March was an expensive month, and the overwhelming theme of much of it is “travel”.  That’s pretty okay for us since we knew we wanted this year to be a year when we traveled more after not getting to travel much while working on the kitchen last year.

Shopping was high as I spent nearly $350 in the two days before departing on our trip trying to replace my old hiking boots with ones that wouldn’t aggravate my foot injury.  The good news is that I found some Keens that fit the bill – and they have gotten a TON of use on our trip so far!  But I still have a good $200+ in other shoes that need to be returned when we get home since I had just started buying the “best shoe” I found at every store we went to.  Yay for return policies.  =)

We also paid Mr PoP’s traffic ticket and online traffic school. Ugh… a solid $217 for a U-turn.  Violating the law is expensive, yo.

Travel was the big one, though.  $2,874 in non-reimbursable travel expenses.  About $1K of this went to tickets for Mr PoP and his best friend to attend Burning Man later this year.  At $390/ticket + a vehicle pass, it’s not cheap.  But this is a trip Mr PoP has been wanting to take since before we even started dating and it’s finally happening.  He and his friend are having a blast planning for it so far, too!  The remainder of the travel spending this month was for our Hawaii trip.  12 nights with AirBnB hosts at ~$110/night.  12 days of rental cars at ~$30/day, and ~6 days of incidentals, which we try and keep at $100/day or less when we’re traveling.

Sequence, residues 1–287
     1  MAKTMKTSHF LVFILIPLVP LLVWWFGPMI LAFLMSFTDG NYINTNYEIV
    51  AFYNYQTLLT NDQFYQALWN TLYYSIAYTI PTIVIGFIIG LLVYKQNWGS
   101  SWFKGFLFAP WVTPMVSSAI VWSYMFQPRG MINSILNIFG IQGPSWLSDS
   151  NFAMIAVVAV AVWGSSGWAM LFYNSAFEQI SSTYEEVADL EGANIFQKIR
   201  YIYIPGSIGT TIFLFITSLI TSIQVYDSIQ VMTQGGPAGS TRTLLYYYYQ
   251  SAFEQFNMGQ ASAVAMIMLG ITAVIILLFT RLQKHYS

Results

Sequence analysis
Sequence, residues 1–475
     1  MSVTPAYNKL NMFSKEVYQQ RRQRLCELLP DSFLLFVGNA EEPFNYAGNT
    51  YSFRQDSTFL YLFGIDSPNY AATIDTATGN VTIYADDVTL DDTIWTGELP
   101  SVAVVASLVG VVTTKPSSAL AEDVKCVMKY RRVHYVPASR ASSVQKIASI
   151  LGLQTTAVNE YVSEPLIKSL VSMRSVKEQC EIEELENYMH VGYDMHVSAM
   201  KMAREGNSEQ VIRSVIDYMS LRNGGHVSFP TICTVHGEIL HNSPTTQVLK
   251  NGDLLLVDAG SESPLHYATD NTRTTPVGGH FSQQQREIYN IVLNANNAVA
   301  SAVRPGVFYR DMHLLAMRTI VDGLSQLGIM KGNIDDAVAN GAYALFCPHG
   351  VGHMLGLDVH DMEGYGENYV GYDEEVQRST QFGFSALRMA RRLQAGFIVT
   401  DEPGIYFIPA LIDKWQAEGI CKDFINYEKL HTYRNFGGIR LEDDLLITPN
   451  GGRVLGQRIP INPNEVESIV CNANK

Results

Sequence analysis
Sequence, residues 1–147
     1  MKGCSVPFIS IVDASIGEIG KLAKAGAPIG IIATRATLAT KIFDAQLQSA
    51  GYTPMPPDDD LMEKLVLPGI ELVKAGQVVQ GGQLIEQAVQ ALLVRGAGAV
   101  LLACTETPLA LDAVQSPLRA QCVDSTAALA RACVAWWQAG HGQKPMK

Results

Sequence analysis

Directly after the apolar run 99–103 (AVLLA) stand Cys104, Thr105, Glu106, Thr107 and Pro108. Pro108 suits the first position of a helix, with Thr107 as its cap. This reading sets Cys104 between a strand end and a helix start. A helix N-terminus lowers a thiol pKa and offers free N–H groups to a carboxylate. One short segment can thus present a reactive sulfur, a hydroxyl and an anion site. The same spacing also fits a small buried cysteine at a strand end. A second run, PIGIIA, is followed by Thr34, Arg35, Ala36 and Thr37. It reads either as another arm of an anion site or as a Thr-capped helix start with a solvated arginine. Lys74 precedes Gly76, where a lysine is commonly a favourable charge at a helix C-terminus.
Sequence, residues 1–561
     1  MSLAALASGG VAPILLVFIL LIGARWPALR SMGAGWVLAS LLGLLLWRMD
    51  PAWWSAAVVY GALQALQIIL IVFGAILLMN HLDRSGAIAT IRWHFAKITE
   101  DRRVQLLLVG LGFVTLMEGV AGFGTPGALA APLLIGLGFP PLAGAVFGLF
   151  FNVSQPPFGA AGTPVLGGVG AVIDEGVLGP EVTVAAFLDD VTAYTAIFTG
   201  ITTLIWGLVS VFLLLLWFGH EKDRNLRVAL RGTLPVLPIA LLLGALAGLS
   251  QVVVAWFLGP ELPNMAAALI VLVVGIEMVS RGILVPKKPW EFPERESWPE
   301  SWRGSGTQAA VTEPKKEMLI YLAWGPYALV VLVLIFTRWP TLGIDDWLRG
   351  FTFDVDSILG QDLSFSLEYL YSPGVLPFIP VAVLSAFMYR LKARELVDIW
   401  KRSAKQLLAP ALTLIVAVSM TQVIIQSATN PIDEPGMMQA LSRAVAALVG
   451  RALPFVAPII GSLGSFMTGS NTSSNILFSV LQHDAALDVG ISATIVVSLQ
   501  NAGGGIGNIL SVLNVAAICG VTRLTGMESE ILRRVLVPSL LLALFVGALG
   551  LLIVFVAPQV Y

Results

April travel will also be on the high end as we will have the remainder of our Hawaii spending, spending for our trip to Omaha for the BRK meeting, and we’ll have another payment for my trip to Ecuador later this year.  That won’t be the end of the travel spending for the year, but these two months will definitely have the bulk of it.

The shining bright spot on this income statement is the negative $402 in kitchen renovation expenses (ie $402 in income in this category).  We’re still not done with the kitchen, but we’re starting to sell some of the tools we bought that we are done with and won’t be using again and are counting these sales against our previous (and future) kitchen expenses.

The Bottom Line

  • Earnings before principal paydowns and savings allocations of $3,707.  

And the details…

Continue reading PoP Income Statement – March 2016